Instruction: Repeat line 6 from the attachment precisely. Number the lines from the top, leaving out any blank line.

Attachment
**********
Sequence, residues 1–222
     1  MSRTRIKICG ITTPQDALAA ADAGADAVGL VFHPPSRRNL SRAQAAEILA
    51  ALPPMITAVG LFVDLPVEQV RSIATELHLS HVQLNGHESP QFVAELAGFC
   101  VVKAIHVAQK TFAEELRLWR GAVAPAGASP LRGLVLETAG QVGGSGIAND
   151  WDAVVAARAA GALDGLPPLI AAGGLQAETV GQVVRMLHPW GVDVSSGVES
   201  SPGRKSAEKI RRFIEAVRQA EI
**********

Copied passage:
   201  SPGRKSAEKI RRFIEAVRQA EI